Hikes Best Practices and Guidance

PATC has adapted the Charlottesville Chapter protocol for hikes as our Club’s guidance for best practices for hike leaders and participants:

  • The health and well-being of the hiking participants and hike leaders is our top priority.
  • Hike leaders have always had the right to cancel a hike for whatever reason they see fit.
  • During this time, groups should be limited to 12 or fewer participants. If multiple established hike leaders attend an event, there can be multiple, separated groups of 12 or fewer, preferably divided equally, each led by an established hike leader.
  • Prior to the hike, hike leaders will contact each attendee via email or Meetup group messaging and remind them not to attend if they have tested positive for the COVID-19. In addition, any participant whose temperature exceeds 100, or who has a cough or shortness of breath, must not attend the hike.
  • Hike leaders should also discourage participation by children under 12, pregnant women, people with underlying health conditions including heart disease, lung disease, or diabetes, people who have weakened immune systems, as each of these groups are identified by the CDC as being at higher risk of severe illness.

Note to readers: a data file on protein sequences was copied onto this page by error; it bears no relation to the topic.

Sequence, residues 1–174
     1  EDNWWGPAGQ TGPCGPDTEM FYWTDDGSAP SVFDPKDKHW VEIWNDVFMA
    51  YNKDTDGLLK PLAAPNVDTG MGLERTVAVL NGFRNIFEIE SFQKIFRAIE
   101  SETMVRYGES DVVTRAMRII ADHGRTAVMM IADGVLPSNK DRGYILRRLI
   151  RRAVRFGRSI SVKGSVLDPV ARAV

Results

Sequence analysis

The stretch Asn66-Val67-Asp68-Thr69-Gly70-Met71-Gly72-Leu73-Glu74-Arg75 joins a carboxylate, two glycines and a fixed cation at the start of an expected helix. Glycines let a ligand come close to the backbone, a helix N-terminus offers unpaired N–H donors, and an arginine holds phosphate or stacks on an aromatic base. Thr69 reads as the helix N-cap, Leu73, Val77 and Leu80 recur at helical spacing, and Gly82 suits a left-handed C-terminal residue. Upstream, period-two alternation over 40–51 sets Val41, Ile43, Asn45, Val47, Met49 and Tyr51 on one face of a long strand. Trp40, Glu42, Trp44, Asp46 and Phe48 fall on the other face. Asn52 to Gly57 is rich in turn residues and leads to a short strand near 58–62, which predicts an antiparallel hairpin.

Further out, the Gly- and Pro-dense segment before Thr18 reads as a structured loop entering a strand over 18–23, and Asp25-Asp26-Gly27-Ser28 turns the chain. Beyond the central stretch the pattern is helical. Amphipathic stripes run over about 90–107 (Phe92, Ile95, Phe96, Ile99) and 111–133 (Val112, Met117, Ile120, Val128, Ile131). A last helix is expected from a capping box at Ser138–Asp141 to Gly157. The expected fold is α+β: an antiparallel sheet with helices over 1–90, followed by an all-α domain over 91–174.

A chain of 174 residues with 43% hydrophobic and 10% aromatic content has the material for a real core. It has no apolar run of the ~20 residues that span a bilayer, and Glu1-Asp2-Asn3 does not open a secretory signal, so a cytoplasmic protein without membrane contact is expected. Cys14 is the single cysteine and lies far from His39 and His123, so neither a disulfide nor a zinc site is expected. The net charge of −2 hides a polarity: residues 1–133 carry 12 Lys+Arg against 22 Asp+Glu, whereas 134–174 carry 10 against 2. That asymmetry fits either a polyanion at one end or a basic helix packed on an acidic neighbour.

• Also, at higher risk are people 60 or older, so inexperienced older hikers should be discouraged from joining hikes at this time. Many of experienced hikers fit the older demographic, but are in excellent shape, minimizing the risk.
  • Hike leaders should take added input from participants at the trailhead to determine that each is healthy and has brought sufficient water and personal food for their hike. There should be no sharing of food, water or other gear.
  • Hike leaders should not bring sweets to share among the group –even though it is a chapter tradition. Hike leaders should strongly discourage such sharing by hike participants who may have brought something for the group.
  • Hike leaders should bring hand sanitizer for the group, if possible.
  • Hike leaders should be prepared for lower attendance due to last minute cancellations, and should not hesitate to cancel or alter the event if cancellations are so prevalent as to make the event difficult to conduct.
  • Hike leaders should confirm that the hiking destination remains open and determine that last minute closures have not occurred due to the COVID-19 virus.
  • Hike leaders should remind hikers to maintain a sufficient distance between others on the trail.
  • Post-hike events, such as microbrewery or restaurant visits, are discouraged during this time.
  • Planning the types of hikes conducted should reflect the added restrictions this COVID-19 situation requires. This should include:
    • No destinations over 1-hour drive time from the pre-trailhead meeting location.
    • Hikes in your local area are encouraged that allow participants to travel individually to the trailhead without the need to carpool.
    • Related, hike leaders should encourage participants to minimize carpooling with people they would not otherwise have day-to-day contact with. This prioritizes public health, despite contradicting a low-impact ethic.
    • Popular high-traffic hiking trails, such as Old Rag, Humpback Rocks, and White Oak Canyon should be avoided. There are many other trails that have few hikers.
    • No overnight outings during this period.

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